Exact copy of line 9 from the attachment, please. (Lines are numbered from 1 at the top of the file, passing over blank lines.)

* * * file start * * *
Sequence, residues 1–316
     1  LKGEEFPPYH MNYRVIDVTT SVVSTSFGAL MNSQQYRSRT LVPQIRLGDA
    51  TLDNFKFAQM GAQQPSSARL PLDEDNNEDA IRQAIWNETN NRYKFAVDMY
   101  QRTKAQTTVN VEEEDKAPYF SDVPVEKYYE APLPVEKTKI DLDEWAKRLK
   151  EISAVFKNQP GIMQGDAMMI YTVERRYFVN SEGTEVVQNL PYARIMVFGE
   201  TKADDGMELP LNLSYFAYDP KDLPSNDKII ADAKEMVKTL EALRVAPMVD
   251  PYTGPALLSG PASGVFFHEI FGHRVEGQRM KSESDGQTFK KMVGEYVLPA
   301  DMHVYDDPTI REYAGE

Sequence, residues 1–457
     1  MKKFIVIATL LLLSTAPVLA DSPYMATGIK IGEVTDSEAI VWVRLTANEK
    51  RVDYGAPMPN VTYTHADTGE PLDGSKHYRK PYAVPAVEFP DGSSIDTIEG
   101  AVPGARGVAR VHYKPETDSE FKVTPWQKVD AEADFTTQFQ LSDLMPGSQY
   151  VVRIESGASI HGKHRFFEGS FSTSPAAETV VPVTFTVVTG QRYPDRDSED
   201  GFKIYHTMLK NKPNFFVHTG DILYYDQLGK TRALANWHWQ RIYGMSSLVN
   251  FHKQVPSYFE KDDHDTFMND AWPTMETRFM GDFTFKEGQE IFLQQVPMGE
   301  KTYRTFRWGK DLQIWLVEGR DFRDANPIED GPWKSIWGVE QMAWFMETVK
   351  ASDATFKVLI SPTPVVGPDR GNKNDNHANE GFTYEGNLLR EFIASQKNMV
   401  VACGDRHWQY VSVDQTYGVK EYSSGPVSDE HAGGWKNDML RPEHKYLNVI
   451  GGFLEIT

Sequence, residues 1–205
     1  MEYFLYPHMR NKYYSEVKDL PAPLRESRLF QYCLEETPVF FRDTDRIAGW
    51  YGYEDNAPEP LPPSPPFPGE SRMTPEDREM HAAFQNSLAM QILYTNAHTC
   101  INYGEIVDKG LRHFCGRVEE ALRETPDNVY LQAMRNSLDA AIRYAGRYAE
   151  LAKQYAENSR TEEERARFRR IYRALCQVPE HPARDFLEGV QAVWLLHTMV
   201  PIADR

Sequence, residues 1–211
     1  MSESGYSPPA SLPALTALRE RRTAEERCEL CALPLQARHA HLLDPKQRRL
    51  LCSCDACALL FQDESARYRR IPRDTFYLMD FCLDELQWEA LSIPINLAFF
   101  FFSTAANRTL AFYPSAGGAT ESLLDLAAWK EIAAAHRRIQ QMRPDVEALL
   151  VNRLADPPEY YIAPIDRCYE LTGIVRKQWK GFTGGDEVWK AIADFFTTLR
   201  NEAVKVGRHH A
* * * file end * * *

Sequence, residues 1–457